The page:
Ex-Celtic Frost/Triptykon Frontman Was Near Suicide
We’ve all heard a lot of reasons for the delay of an album: money problems, health issues, tragedies, timing, relationships in disarray, etc. But death metal legend Tom Gabriel Fischer explained to Noisey that Triptykon, his awesome band formed upon the latest break-up of Celtic Frost, nearly couldn’t finish their awesome sophomore album because, um, suicide:
The reason I am still here is because my girlfriend pleaded with me not to take my own life. [Which] didn’t happen in a single day; it took a long time for her to convince me to stick around. I had to come to terms with that, and I began to try and rebuild my life to some semblance of order. And part of that order is my existence as a musician. This is what gives me strength and pleasure in life. Once I came to terms that I would remain here, I knew I would complete the album.
I realize that sounds like drama to get some headlines, but I’m simply being completely honest. I’ve done this for 33 years now, and at almost 51 years old, I don’t feel the need to act like a macho heavy metal musician. I’m a human being like everyone else … Finishing the album didn’t become a secondary thing — it became the umpteenth thing in the line. It had no importance whatsoever.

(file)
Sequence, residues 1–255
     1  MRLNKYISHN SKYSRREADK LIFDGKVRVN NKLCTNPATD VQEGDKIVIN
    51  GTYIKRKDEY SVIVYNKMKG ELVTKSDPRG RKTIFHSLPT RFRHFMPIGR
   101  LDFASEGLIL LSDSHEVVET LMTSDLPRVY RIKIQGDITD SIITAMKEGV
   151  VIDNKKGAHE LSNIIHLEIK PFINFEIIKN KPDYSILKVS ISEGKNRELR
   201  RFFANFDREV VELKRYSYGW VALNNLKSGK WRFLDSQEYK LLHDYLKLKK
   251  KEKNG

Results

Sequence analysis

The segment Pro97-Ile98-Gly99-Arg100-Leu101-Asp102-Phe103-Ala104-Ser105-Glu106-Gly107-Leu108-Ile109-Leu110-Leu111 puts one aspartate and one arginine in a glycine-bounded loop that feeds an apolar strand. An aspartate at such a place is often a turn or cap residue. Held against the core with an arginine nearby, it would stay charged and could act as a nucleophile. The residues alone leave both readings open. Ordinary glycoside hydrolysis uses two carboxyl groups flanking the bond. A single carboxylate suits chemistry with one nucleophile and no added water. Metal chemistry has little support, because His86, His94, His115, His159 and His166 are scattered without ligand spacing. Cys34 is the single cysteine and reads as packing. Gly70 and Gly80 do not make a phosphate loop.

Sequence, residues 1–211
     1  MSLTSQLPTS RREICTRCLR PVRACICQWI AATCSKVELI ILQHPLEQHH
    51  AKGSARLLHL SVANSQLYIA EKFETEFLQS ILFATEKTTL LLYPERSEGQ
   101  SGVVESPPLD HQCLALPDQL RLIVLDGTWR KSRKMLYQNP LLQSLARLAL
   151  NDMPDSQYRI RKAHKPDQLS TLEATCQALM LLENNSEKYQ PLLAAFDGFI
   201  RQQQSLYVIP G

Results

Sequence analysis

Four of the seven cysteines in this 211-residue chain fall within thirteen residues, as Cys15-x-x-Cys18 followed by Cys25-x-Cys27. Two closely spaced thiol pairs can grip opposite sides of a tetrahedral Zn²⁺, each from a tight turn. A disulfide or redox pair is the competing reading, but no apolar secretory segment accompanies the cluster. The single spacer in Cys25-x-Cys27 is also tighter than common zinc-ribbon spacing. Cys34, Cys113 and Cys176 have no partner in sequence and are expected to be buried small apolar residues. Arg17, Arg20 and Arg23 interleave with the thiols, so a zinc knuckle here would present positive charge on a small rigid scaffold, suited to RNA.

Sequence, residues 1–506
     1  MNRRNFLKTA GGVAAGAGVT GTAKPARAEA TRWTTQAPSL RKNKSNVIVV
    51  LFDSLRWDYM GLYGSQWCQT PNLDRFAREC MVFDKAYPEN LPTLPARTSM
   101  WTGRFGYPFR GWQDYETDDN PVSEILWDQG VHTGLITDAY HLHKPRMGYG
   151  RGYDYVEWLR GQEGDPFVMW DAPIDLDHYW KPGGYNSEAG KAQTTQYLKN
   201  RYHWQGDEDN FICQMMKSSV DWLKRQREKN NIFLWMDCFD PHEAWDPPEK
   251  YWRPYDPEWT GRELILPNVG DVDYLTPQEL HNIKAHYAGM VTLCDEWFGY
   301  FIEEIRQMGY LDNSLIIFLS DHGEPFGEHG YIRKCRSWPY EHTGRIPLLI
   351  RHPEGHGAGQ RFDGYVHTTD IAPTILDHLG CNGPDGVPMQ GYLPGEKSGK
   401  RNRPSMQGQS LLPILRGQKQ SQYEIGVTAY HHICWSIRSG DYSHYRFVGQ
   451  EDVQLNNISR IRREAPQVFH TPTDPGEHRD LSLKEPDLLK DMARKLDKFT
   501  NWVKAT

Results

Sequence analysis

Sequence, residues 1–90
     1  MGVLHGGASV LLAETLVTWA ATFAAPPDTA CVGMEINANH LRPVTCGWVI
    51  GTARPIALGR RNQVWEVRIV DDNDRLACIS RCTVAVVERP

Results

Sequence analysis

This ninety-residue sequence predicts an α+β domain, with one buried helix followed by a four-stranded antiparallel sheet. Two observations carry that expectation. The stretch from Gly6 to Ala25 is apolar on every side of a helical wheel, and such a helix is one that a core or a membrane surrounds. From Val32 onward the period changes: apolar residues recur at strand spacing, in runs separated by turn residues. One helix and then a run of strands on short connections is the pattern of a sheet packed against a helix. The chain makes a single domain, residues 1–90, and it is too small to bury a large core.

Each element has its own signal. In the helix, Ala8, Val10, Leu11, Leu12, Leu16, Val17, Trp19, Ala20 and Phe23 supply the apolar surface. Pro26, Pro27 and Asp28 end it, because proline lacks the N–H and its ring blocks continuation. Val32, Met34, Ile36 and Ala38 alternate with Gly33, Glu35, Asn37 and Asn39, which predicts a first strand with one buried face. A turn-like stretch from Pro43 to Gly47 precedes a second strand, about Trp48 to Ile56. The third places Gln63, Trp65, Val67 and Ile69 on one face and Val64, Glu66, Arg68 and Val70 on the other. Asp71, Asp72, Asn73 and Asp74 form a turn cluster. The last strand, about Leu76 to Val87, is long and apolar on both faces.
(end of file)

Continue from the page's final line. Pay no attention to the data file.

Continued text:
Classy as hell, Fischer declined to elaborate on the causes for his plummet:
I personally think it’s pathetic to promote an album on the strength of your personal tragedy. So you’ve gotta draw a line somewhere. People like Rihanna and these reality TV stars promote their work on personal tragedy, and I cringe when I see that or read that. It’s embarrassing. I can explain the reasons [that] this album sounds the way it does, but at this point I think that’s as far as I should go. We are in the metal scene, and there’s just gotta be a line somewhere. Maybe some years down the line, one can look back and explain things, but I think it would be very cheap for me to say, ‘We had a hard time—buy our album!’
Now, Fischer hasn’t told us the details of his “personal tragedy,” but there might are some clues in the record whose life almost ended with Warrior’s. After all, Melana Chasmata got its title in advance of the band’s period of personal turmoil (read the whole interview), that translates to something like “Deep Depression” so yeah.